Legislation introduced by Rep. Brett Parker, (D) Overland Park, on behalf of the American Civil Liberties Union (ACLU) would make it easier for non-citizens to vote in Kansas by removing the proof of citizenship requirement when first registering to vote. HB 2220 also allows people to register on election day and allows applications for advance voting to be placed on a permanent advance ballot list; that means someone could register to vote without ever appearing in person or having to provide proof of citizenship.
Former Kansas Secretary of State Kris Kobach calls that a “perfect recipe for voter fraud.”
“Same day voter registration allows anybody to show up at the polls and cast a ballot before their citizenship or their address can be verified,” he said.
Lauren Bonds, the interim director of the ACLU of Kansas, says Election Day Registration increased voter turnout in the 19 states that enacted it. “In fact, those states have the highest voter turnout in the nation, roughly 12 percent higher than states, such as Kansas, without election day registration,” she said.
In 2016, 59.2 percent of Kansas voters turned out to cast ballots in the presidential election. According to an ACLU study, that puts Kansas at 34th in the country in terms of voter turnout. Kobach says Kansas is number one in the country for voter security.
“This bill would move Kansas from our position as number one in the nation with the most secure elections to the bottom of the pack with some of the least secure elections in the country,” he said. “It allows people to easily drive across the state line to cast a ballot if there’s a close race in Kansas that non-residents want to vote in.”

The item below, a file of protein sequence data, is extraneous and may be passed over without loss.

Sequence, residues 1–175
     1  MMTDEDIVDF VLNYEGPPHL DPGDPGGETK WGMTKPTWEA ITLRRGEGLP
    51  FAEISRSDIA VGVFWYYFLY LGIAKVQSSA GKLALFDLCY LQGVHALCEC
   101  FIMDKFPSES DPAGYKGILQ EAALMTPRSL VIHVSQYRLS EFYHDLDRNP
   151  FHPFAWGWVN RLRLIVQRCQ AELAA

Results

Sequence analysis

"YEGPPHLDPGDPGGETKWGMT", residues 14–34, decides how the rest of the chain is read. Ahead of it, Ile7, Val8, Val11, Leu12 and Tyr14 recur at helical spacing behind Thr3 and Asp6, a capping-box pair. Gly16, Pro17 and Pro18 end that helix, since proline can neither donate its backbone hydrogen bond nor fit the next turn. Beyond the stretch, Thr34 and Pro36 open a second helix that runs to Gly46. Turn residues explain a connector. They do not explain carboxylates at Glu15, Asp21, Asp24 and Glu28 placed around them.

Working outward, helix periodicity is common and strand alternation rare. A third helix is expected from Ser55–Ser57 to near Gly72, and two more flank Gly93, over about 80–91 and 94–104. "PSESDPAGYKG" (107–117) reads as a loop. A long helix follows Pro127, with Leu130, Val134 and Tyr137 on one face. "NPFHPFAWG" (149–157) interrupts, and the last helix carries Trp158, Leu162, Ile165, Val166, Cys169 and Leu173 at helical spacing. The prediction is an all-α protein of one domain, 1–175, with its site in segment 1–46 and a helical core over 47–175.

Bonds says same-day voter registration would virtually eliminate the need for provisional ballots, and eligible voters would not be turned away simply because they aren’t listed in a registration book.
“Election Day registration should alleviate any fears about voter fraud–though virtually all Kansas election officials reject the notion that such fraud is even a minor concern,” she said.
As Secretary of State, Kobach championed laws to ensure only U.S. citizens can vote in Kansas. He also increased efforts to eliminate other things like double voting. The ACLU calls Kobach’s voter security initiative, adopted in 2013, the “papers please law.”
The organization successfully filed a federal lawsuit to stop Kansas counties from requiring people to prove they are U.S. citizens in order to register to vote. That decision is under appeal.
HB 2220 would eliminate the proof of citizenship requirement from state law, regardless of the outcome of the case. The bill didn’t receive a hearing this legislative session. It’s unlikely to reach the House floor, which means lawmakers probably won’t debate the issue this year.
The Kansas Secretary of State’s office oversees elections, and Secretary of State Scott Schwab, who took office in January, says HB 2220 would have made fundamental changes to Kansas elections.
“Thoughtful time and deliberation are essential to implementing substantial changes to election operations,” Schwab said. “We have asked lawmakers to refrain from making any major election policy changes to give us time to visit with county clerks on the impact of such policies would have on their abilities to ensure Kansas elections remain safe and secure.”